There's a canyon-sized gender gap in the academic science world. Officials keep pushing to move women into the field, and the number of degrees granted to them has increased, but those degrees don't necessarily result in more women working in the sciences. A new study shows that science faculty see female students as less competent than their male counterparts, and it could cost them jobs, a fair salary, and mentoring opportunities.
To find this out, researchers sent job application materials from a potential student eyeing a lab manager position to biology, chemistry, and physics professors at six (anonymous) universities across the country. They only changed one variable in the materials: the gender of the applicant. That was enough for the faculty to say, on average, that the female applicant wasn't as hirable or as competent, and was less deserving of mentoring and even the same salary as male students. It didn't matter if you considered only the male or female faculty members; they both favored the male student at about the same rate.
Cultural stereotypes about "what makes a good woman"--friendliness, warmth, less competence--might subtly contribute to a bias, says Corinne Moss-Racusin, lead author of the study. That doesn't mean faculty members consciously dismiss female students, or want to prevent them from succeeding. But the consequences can be pernicious, as the study suggests.
There are ways to intervene and address the problem, Moss-Racusin says. Which is good, since it's a problem we as a country really want to address. A government report referenced in the study predicts a one million-worker deficit if we keep training engineers and scientists at current rates. Hiring more women into the field could help ease that.
The first step would be changing academic policies, Moss-Racusin says, such as adding oversight to mentoring programs to ensure they're fair between genders. And, of course, "educating the faculty members and students on the possible impact of bias would be critical." All work then needs to be done under "very clear, very transparent evaluation criteria."
We'll see if any changes are made based on the study, but at least anecdotally, Moss-Racusin says, the research has stirred up reactions from those who claim it "mirrors their experiences" in the science academia field.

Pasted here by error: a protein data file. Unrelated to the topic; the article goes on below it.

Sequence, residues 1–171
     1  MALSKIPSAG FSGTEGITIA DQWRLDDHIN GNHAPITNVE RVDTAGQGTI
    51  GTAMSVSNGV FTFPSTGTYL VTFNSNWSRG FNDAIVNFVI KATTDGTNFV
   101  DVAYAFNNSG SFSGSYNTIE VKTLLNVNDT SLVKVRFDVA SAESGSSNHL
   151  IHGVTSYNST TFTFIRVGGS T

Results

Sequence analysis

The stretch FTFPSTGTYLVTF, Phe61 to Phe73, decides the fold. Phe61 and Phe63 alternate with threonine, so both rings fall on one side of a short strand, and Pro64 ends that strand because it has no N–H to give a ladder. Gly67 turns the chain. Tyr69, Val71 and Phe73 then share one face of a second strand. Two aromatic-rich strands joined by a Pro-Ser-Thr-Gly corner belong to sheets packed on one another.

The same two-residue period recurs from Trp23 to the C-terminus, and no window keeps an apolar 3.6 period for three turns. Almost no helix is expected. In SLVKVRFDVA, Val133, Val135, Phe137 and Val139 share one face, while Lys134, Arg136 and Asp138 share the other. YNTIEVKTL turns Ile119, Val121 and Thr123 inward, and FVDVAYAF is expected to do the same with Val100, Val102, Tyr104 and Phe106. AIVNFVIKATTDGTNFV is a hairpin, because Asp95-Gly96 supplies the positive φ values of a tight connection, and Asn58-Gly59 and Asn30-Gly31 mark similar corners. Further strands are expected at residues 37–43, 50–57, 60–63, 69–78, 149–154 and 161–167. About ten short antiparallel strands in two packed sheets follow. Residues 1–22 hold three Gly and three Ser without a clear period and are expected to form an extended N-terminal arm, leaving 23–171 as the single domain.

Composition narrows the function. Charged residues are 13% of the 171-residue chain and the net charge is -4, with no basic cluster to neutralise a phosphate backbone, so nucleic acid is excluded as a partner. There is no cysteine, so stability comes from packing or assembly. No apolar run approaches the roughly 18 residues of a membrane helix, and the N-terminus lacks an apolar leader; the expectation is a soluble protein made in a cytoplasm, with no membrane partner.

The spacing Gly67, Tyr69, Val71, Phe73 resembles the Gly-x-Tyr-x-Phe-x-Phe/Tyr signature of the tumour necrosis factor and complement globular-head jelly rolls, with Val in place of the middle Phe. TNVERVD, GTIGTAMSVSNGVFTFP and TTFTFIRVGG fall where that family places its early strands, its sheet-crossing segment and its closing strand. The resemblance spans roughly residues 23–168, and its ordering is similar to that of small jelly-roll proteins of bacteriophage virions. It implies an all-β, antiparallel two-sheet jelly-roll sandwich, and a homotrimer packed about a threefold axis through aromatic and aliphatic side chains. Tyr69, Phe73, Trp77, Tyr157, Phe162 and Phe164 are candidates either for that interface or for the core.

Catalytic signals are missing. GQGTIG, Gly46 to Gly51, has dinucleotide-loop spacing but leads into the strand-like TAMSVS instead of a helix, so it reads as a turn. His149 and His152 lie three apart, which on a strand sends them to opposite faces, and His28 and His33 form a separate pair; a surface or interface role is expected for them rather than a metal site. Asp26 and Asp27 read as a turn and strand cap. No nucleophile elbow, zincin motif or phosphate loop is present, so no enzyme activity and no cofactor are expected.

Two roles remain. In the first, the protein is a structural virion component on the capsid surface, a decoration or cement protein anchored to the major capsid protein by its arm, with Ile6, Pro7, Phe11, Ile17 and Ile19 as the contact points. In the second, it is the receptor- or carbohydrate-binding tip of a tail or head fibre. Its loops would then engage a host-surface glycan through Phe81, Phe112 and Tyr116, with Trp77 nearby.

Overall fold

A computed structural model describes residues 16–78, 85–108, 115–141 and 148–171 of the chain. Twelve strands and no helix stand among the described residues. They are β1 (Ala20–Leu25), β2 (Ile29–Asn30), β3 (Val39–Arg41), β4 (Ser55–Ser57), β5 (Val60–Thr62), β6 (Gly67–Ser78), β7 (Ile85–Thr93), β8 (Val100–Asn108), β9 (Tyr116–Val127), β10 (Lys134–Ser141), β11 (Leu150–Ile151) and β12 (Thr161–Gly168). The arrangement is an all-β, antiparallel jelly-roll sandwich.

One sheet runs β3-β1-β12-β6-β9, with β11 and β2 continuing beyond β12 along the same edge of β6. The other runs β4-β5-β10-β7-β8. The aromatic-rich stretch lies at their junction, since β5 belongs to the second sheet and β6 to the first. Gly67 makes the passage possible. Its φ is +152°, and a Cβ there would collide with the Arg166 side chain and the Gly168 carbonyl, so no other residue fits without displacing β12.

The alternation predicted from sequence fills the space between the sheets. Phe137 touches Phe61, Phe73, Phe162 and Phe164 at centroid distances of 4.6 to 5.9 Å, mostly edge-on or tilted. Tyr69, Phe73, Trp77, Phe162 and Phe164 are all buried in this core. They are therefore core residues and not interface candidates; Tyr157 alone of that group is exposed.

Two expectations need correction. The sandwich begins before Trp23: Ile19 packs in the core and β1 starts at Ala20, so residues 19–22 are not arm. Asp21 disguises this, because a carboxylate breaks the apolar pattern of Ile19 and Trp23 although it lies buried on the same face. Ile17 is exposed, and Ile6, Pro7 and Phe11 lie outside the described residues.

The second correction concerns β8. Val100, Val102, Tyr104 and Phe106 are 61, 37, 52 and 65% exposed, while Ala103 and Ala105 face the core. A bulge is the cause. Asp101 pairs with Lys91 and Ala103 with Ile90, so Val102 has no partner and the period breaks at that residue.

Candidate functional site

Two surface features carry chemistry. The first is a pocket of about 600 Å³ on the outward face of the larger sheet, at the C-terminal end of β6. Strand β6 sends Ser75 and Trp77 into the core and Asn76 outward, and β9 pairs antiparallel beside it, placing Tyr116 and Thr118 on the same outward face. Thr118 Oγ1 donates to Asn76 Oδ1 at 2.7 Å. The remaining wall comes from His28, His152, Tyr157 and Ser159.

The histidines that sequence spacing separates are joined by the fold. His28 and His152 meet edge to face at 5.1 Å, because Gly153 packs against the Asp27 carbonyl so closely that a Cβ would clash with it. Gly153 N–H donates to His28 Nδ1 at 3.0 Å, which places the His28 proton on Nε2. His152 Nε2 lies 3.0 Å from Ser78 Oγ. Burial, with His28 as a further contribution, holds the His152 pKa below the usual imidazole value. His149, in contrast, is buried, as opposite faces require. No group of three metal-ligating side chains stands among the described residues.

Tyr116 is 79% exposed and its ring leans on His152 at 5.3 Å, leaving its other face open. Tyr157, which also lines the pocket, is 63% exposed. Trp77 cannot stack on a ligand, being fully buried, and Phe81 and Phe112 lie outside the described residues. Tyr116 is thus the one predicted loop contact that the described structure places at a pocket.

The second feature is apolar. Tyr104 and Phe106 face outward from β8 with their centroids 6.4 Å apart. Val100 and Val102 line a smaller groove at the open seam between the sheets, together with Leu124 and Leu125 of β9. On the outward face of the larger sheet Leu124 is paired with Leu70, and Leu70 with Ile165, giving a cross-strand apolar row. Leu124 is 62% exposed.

Obviously this is the case. I mean, have you ever seen a woman drive? If they can't even operate an automobile, how can we possibly trust them with expensive lab equipment?
Also, their menstruation attracts bears.
The real question would be,
DOES THE SCIENTIFIC DATA SUPPORT THE IDEA OF FEMALES BEING LESS COMPETENT?
lol Great headline.
I didn't read this one but the headline and pic will have me smiling every time I see it though.
I hate and despise caricature and this author is guilty of this in spades. His graph of the income desparity 'Salary Conferral by Student Gender...' being a case in point.
When you do NOT scale the graph to show the RELATIVE differences between the wages but instead chop off the bottom of the graph you are attempting to EXAGGERATE those very differences unfairly.
A casual browser might see the bar graphs as meaning the women are offered less than one-third of the men's offers because they cut off the bottom 4/5th of the graph. But the facts are that it's about 26,500 versus 32,200 or about 17.7% lower--not 80% lower.
Please redo the graph and show the appropriate SCALE of the differences instead of EXAGERRATING them!!
And no in no way does this mean I support the way it's being handled world wide discriminating against women. Trust me I had my hands full competing with women on an equal footing which are easily as competent of a man if you give them the same tools.
When I read articles such as this I wonder if there is any recognition that there are differences in the ways that men and women deal with situations that challenge them.
I have noticed a trend over the years of having taught or coached both men and women in various situations where they are learning new things. Both male and females get frustrated when the desired results are not achieved. However the difference lies in what the two groups do with the frustration. I have more often seen that the guys tend to get more aggressive and want to kill whatever piece of equipment or system is not being cooperative where as the women (usually) do not display the same intensity.
I am not saying that this applies to every male and female but that it has occurred enough times to be noticeable as a tendency.